Study: How Much Money Does a Crypto Company Need?
Written by: Gregory S Mathew
In this article, we’ll try to decipher on average how much capital does a blockchain/crypto company raise and how long it lasts, before having to raise funds again.
We’ll be looking into two kinds of startups that
- raised seed funding, followed by other Venture funding rounds
- that raised funds purely through token sales such as an ICO, STO, or IEO.
All data used in this article is sourced from InWara’s Market Intelligence Platform, unless explicitly stated otherwise.
The Era of Blockchain and Cryptocurrency Startups
Blockchain and crypto startups are attracting immense investor attention on a global scale, within a handful of years, these startups have raised a whopping $46 billion to date. With such a resounding success, it’s easy to get caught up in exuberant stories of the best startups.
But despite the technical advantage these startups tout, most of them fail just like any startup. Forbes claims one of the major reasons for failure could be raising excessive capital too early and running out. Yes, sounds paradoxical, but it makes sense.
Hence, in light of this perplexing paradox, let’s try and decipher how much capital does a blockchain/cryptocurrency startup need to survive? By estimating how fast do these startups burn through cash.
The Venture Capital Route
For example, I’ll first consider blockchain and crypto startups that raised capital in Seed Funding. Then estimate, on average, how much was raised, and how long it lasted before having to raise more in new funding rounds like a Series A.
The average Funds raised in various funding stages is Seed Funding - $1.94 million, Series A - $8.8 million, and Series B - $24.8 million. On average, these startups waited 16 months between Seed and Series A funding rounds, 25 months between Series A and Series B funding rounds.
So what can we infer from this? For a blockchain and cryptocurrency startup, you’d probably need ~$2 million during your initial stages in Seed Funding to kickstart operations and this should last you ~16 months, before having to raise capital again.
And the same principle can be applied to later funding stages.
Now, what about blockchain-based fundraising? Token sale mechanisms like Initial Coin Offering (ICO) and the latest Initial Exchange Offering (IEO) are what propelled these startups into the limelight in the first place.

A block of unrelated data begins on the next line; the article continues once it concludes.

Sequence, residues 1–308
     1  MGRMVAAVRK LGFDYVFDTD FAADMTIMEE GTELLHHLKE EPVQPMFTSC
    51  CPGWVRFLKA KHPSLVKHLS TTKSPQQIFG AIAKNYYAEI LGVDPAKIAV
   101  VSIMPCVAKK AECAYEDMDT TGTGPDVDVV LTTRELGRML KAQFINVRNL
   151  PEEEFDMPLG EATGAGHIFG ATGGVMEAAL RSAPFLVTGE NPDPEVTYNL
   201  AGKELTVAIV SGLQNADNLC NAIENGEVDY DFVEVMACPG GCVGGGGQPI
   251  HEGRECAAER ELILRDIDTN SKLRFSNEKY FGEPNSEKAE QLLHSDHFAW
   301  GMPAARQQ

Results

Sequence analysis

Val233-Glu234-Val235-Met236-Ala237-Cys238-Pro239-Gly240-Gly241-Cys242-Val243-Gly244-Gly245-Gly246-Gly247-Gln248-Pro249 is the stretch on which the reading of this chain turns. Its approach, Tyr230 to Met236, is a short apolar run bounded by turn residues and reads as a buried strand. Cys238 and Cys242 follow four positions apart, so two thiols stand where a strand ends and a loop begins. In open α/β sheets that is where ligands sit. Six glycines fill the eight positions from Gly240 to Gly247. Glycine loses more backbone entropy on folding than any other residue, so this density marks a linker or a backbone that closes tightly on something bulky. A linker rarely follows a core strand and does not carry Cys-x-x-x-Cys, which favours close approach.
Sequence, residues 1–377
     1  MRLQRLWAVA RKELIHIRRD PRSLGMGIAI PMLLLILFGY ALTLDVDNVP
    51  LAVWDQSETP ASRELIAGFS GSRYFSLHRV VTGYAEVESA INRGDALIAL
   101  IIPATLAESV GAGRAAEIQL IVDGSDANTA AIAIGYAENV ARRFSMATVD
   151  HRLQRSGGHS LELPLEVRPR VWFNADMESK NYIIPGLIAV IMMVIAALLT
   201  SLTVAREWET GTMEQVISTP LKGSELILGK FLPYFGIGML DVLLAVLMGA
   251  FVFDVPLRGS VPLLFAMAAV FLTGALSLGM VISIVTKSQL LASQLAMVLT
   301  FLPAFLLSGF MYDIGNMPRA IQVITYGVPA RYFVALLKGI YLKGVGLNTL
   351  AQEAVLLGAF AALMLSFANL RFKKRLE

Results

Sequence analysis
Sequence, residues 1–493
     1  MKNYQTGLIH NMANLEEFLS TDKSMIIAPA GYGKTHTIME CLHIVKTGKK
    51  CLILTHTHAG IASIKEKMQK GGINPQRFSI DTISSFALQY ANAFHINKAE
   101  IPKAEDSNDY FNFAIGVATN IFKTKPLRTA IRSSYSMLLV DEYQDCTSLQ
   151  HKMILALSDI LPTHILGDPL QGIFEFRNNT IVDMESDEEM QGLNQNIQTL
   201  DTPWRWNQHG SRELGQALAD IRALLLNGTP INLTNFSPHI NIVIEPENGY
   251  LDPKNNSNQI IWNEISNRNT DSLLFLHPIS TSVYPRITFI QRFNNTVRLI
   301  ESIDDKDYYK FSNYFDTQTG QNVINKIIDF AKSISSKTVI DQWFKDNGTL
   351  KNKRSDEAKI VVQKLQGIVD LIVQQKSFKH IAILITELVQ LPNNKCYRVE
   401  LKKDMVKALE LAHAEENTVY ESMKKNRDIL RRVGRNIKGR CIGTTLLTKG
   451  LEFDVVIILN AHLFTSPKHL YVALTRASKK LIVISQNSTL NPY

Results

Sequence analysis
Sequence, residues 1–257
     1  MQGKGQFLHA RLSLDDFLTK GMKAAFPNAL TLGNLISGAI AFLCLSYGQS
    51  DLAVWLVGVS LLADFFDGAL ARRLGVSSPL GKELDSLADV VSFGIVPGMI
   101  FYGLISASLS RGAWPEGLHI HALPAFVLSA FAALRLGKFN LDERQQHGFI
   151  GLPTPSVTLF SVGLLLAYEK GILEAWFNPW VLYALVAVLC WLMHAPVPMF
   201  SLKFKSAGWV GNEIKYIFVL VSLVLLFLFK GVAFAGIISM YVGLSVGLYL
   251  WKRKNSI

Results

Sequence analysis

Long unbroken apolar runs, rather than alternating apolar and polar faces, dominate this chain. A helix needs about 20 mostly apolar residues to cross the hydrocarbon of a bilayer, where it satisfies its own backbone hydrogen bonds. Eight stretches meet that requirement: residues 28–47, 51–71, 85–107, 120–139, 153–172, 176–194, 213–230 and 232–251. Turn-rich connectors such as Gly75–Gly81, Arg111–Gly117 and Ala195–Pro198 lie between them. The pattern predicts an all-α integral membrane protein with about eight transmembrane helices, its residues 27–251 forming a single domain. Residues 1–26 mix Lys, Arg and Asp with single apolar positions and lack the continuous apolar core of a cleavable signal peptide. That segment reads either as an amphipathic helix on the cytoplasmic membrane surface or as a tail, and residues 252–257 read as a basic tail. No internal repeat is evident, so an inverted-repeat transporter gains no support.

As much as 65% of the total funds raised by Blockchain and Crypto startups were through token sale mechanisms like ICOs, STOs, and IEOs.
A dive into the funds raised by these startups over the past few years clearly shows the dominance of blockchain-based fundraising over traditional Venture Capital. Hence, this study wouldn’t be complete without touching on these methods as well.
The Token Sale Route
It’s important to note that, in 2018, several thousand ICO projects were launched and several billion raised. While some of them like EOS were a resounding success having raised $billions, most of them raised little to no money.
An analysis of the funds raised by blockchain and crypto startups reveals that as much as 47% of the startups raised less than $5 million. And less than 5% raised more than $50 million. This suggests that predominantly blockchain-based fundraising is being leveraged to raise relatively smaller amounts of funds.
Shift From ICOs to IEOs
But in H1 2019, there was a shift from ICOs to Initial Exchange Offerings (IEOs). A method of fundraising that has become the go-to method of raising capital. IEOs are so successful right now that some token sales, like that of BitTorrent’s, concluded within a matter of minutes and raised several millions.
This success has prompted previously launched blockchain and cryptocurrency projects that conducted ICOs to launch their own IEO, as a way to raise fresh capital to fund their operations.
Note: This data is based on the several dozen Startups that have conducted both an ICO and an IEO
On average, blockchain and crypto startups raised $11.8 million during their ICO and $8 million during their IEO. But what’s important to note here is the short time frame between the token sales. Within just 3 months, on average, several dozen blockchain startups launched another token sale in the form of an Initial Exchange Offering.
Now, this might seem shocking at first but makes some sense when you realize that, unlike traditional venture capital, the sole purpose of launching a token offering is not just to raise funds but also to build a community, for marketing, to distribute tokens, etc.
That’s not to say there aren’t some projects that took advantage of the incredible buzz around IEOs to raise capital. Although they’ve raised plenty during their ICO.
There’s one final way to gauge how much capital ICO projects need. We can analyze their ETH wallet balances. This gives us a fairly accurate measure of how much funds - were raised during their ICO, have been utilized so far, and over what period of time.
Note: This data is based on a sample size of ~100 ICO projects From May 2018 to April of 2019, on average, as much as 3,700 ETH was withdrawn from public ICO treasuries. That’s an incredibly small amount. So what’s the deal here? Our deeper analysis of the data reveals that, some ICOs have seen an influx of ETH into their wallets, since their ICOs.
Another, more speculative, reasoning would be that these ICO projects are hodling their ETH for the next bull-run. When it’s more likely to be more profitable for them to cash out.
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